Jeanette Rankin, First Congresswoman

by Gloria Feldt on March 10th, 2009
in Women & Politics, Women's History and tagged , , , , , ,

If women had held the preponderance of political leadership roles, woud peace have become more of a central organizing theme of history than war?

Yesterday I met the Kamala Lopez, the director and producer of a new documentary film, A Single Woman, about Jeanette Rankin, the first woman elected to the US Congress. Rankin, a Montana Republcan believe it or not, was elected in 1916; that’s four years before the Constitution gave all women the right to vote.Not only did she lead the way as a first for women, she defied all semblance of political tradition by opposing both World War I and World War II. The film’s website sums up Rankin’s life in brief:

A Single Woman is the story of first US Congresswoman and lifelong pacifist, Jeannette Rankin (played by actress Jeanmarie Simpson). Her humble beginnings in Montana during the era of the Indian Wars awakened her deeply pacifist nature.

She ran for Congress in 1916 and won, against all odds. The subject of her first vote (against President Wilson’s WWI war resolution) set the stage for her destiny. Most of the Suffragists who supported her campaign turned against her, believing that her anti-war vote made women look weak and hurt the movement.

In 1920, Jeannette was founding vice-president of the American Civil Liberties Union who, in 1933, tried to persuade President Roosevelt to revise immigration laws and allow Jewish refugees into the United States.

Twenty-two years later, in 1940, Jeannette was re-elected as Congresswoman from Montana on a peace platform and once again voted against a world war, this time as the lone anti-war voice in the American Legislature. She was mobbed and vilified and spent the rest of her life traveling to India and studying the teachings and methods of Mohandas Gandhi and the effects of colonialism on peoples all over the world.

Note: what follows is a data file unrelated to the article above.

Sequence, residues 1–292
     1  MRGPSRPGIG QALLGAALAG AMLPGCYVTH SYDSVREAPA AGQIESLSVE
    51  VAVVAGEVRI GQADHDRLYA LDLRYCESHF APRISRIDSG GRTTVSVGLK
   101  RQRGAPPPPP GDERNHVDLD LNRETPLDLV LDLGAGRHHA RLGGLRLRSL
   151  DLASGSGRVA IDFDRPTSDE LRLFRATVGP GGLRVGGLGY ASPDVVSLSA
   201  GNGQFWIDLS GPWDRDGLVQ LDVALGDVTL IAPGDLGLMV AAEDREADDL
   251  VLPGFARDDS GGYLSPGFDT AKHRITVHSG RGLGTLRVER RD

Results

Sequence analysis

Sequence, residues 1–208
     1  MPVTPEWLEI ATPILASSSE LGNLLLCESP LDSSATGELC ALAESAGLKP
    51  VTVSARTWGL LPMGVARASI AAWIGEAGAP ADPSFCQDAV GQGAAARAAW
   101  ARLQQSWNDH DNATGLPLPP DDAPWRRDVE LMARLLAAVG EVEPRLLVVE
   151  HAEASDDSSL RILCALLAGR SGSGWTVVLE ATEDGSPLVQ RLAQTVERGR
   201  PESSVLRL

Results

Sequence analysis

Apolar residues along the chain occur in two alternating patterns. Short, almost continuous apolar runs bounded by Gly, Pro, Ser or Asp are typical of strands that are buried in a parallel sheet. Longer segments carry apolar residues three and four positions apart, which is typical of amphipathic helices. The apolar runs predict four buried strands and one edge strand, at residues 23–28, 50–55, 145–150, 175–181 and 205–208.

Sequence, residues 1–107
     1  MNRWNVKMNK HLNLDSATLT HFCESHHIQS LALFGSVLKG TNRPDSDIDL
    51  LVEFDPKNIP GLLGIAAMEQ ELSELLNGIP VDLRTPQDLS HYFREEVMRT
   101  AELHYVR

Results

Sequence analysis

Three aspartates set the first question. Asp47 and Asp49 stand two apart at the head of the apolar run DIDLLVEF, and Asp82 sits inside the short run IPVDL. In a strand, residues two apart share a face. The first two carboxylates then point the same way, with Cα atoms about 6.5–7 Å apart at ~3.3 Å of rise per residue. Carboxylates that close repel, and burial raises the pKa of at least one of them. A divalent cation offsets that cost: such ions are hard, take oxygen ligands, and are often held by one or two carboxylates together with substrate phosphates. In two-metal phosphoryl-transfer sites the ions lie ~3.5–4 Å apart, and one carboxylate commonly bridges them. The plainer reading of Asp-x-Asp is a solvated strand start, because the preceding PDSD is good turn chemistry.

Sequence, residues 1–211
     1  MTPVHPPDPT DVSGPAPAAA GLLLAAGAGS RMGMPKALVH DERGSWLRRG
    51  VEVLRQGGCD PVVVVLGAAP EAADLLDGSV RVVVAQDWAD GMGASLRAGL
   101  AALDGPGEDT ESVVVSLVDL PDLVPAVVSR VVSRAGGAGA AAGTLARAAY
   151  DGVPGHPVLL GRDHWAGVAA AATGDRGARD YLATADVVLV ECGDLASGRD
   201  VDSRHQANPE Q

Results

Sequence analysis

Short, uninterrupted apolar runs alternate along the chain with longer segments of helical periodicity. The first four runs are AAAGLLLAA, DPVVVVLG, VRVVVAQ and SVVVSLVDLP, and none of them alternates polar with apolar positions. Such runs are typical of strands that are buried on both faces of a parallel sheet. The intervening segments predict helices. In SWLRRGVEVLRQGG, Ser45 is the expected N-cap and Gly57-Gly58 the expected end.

During the Vietnam era, she enjoyed a renaissance when the anti-war culture of the day celebrated her perseverance as a dedicated pacifist and human rights advocate. She died in 1973.

The film begins in 1972, when Jeannette Rankin is 92 years old and vigorously engaged in Second Wave Feminism as well as the anti-war movement. As the film moves backward in time through her years working as the first US Congresswoman, peace lobbyist, suffragist and labor advocate, a tale of an encounter between settlers and American Indians moves forward concurrently.

This pivotal story from Jeannette’s childhood is told through a series of exquisite hand-drawn illustrations of the American frontier in the late nineteenth century and voiced by prominent actor/activists.

Cutting-edge filmmaking techniques coupled with the contributions of virtuoso artists such as Joni Mitchell, Patricia Arquette, Karen Black, Peter Coyote, Mimi Kennedy, Margot Kidder, Elizabeth Peña and Cindy Sheehan, elevates A Single Woman to transcend traditional biography.

Be sure to watch the trailer here for a small whiff of what truly solitary, ahead of the curve, leadership feels and looks like. And listen to an oral history interview with Rankin, who lived long enough to oppose the Viet Nam War before she died at age 93.

To be sure, many leaders who have been women–Golda Meir, Margaret Thatcher for example–were far from pacifists. Still, most of the peace movements have been started and led by women throughout history. Jeanete Rankin’s story is an important study in the complexities of leadership and an important part of women’s history.

Gloria Feldt is the author of No Excuses: 9 Ways Women Can Change How We Think About Power. Buy the book here. Engage Gloria for a Speech or Workshop. Tweet @GloriaFeldt and connect on Facebook, LinkedIn, and Google+ Gloria is the co-founder (with Amy Litzenberger) of Take the Lead, a new initiative to prepare and propel women to leadership parity by 2025. Find them @takeleadwomen and on Facebook.

One Response to Jeanette Rankin, First Congresswoman

  1. Just a little correction – the Oral History project is not available in audio, but in written transcript form. It’s a great read and one of my main sources for the play that inspired the film.

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